The green mana is the most likely to help you activate the creature lands you'll get off Oblivion Sower. If you hit a Swamp along with Hissing Quagmire, or an Island with Lumbering Falls, you'll be able to activate them. It's as simple as that and can actually be super relevant. Feel free to change it to a Swamp if you feel you have more chances to activate a Shambling Vent.
An auto-include when relying on colorless spells to hold the fort at the beginning of the game. It does a lot for you as it provides tokens to sacrifice to Westvale Abbey, provides a mana sink, triggers Sanctum of Ugin…
Along with Matter Reshaper, Hangarback Walker is a way to not go all-in when you sacrifice your board. It happens a lot that you need to kill your own Walker to get flying blockers, and you either have to use a Spatial Contortion or sac it to the Abbey.
The top of the Food Chain, Ulamog, the Ceaseless Hunger isn't that hard to cast and can arrive fast. I've tried to play a mix of Ulamog, the Ceaseless Hunger and Kozilek, the Great Distortion, but Ulamog, the Ceaseless Hunger solves a lot more problems than the 12/12.
So far, the deck doesn't seem to run bad cards, but it needs removal spells and that's where its weakness lies.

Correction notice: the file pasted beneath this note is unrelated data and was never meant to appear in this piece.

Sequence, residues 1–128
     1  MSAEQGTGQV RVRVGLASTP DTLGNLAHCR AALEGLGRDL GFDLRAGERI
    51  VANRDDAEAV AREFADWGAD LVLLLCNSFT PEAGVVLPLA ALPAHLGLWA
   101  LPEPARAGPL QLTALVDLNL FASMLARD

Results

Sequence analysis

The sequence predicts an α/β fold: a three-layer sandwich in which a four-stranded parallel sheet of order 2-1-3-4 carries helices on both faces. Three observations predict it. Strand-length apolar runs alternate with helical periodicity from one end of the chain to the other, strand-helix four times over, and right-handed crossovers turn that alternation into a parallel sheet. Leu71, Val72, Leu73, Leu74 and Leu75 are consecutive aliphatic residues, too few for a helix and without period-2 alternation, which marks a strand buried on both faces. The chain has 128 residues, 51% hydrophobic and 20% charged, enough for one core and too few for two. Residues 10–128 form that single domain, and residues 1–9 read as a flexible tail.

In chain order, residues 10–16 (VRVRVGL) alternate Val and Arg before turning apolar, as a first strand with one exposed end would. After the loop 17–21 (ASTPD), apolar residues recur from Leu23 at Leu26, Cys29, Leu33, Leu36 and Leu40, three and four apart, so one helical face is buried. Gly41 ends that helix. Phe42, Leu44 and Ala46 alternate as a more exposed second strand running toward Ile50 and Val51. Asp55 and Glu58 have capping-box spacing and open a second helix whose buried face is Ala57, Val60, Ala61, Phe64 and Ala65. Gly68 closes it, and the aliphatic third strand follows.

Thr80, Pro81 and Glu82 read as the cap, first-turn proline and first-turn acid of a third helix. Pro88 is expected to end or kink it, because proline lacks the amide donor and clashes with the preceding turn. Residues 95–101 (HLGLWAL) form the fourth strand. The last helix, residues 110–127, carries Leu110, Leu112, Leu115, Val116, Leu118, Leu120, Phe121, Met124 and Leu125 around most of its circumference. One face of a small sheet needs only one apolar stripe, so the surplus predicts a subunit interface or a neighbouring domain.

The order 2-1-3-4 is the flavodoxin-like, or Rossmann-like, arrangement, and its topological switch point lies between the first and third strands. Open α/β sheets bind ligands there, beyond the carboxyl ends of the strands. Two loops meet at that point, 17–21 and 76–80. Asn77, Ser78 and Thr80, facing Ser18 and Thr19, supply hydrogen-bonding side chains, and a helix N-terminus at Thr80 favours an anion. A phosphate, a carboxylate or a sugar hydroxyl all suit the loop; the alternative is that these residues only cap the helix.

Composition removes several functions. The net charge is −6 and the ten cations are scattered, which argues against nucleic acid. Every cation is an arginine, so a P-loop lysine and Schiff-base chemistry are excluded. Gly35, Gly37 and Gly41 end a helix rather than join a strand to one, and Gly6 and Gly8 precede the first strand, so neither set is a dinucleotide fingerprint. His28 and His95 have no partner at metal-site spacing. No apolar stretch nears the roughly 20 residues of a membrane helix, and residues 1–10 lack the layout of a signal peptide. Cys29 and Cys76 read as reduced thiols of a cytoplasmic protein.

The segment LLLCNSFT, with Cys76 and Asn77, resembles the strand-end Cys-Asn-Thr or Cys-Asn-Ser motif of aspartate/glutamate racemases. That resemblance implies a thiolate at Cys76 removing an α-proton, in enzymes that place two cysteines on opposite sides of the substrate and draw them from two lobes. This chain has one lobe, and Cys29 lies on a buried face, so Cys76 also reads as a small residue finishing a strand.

2 Spatial Contortion
4 Warping Wail
2 Titan's Presence
These cards are pretty good overall, but they're lacking versatility and are just 1 mana too expensive. But let's have a look at them:
All three modes of Warping Wail are relevant:
-Make an Eldrazi Scion to allow a turn-four Hedron Archive or Thought-Knot Seer, make a chump-blocker, have an extra creature to sacrifice to Westvale Abbey.
-Counter a Languish, a Ruinous Path, a Tragic Arrogance, a Declaration in Stone, an Explosive Vegetations or a Nissa's Pilgrimage.
-Exile a Jace, Vryn's Prodigy, a Hangarback Walker; or remove your own blocker so your opponent doesn't gain life from an attacking or blocking lifelinker (Ormendahl or Kalitas, Traitor of Ghet).